The Argus (Melbourne, Vic. : 1848 – 1957) Tuesday 9 July 1867
MR. JOHN BRODIE’S CASE.
TO The Editor op the Argus.
Sir,-In journal of Saturday last you
say, in reviewing the papers published concerning the suspension and dismissal of
Brodie from the Post office -“The man acted openly and flagrantly as a political agent of the Ministry, and, under the directions of Mr. C E Jones, organised mobs to cry down or to applaud, in St George’s hall
or elsewhere, as his masters’ interests required.” Allow me state in your journal to state that there is not one syllable of truth in the passage as far as I am concerned, and as far as the rest of the article goes, I must crave permission to say that you have not read the papers carefully enough to enable
you to understand what you have reviewed.
I am. Sir, your obedient servant,
C. E. JONES.
Parliament Library, Monday, noon.
[Our correspondent should have specified the untruthfulness of which, he complains.
Wholesale denials like that which he asks us to publish are of no value whatever, and it is a stretch of courtesy on our part to publish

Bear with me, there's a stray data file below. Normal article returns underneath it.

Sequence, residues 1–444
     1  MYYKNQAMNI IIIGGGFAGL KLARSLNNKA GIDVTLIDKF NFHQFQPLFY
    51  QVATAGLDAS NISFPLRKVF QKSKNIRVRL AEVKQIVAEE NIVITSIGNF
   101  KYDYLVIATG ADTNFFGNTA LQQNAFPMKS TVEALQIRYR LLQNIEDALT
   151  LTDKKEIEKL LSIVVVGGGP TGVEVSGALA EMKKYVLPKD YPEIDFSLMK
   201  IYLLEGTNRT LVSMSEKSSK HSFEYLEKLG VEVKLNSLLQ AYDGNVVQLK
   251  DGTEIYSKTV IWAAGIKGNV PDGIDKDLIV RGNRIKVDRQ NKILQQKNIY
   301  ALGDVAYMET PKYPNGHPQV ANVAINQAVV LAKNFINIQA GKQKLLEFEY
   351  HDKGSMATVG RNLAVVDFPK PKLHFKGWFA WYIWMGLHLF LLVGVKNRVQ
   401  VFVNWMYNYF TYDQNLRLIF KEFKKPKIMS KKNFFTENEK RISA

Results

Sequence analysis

his letter. He stops where ho should have begun. As to our not having understood what the Brodie papers contain, we presume Mr.
Jones thinks us wanting in political acumen because of our including him in the censure which the whole Brodie case received in the
article of Saturday, notwithstanding his recent efforts, and notably in this Brodie case, to bring confusion upon an Administration which we have long opposed. But we cannot approve of political treachery even on behalf of what we consider a good cause, nor endorse an equivocal proceeding, even though it should tend to tho ijury of a party to whom we are inimical on
public grounds. The best of Mr. Jones’s communication is that it is brief; but though brief he has not escaped being tedious, for he
shows no reason why he should have written at all, or why our readers’ time or our space
should be further occupied with his and Mr.Brodie’s affairs.-Ed. Argus.]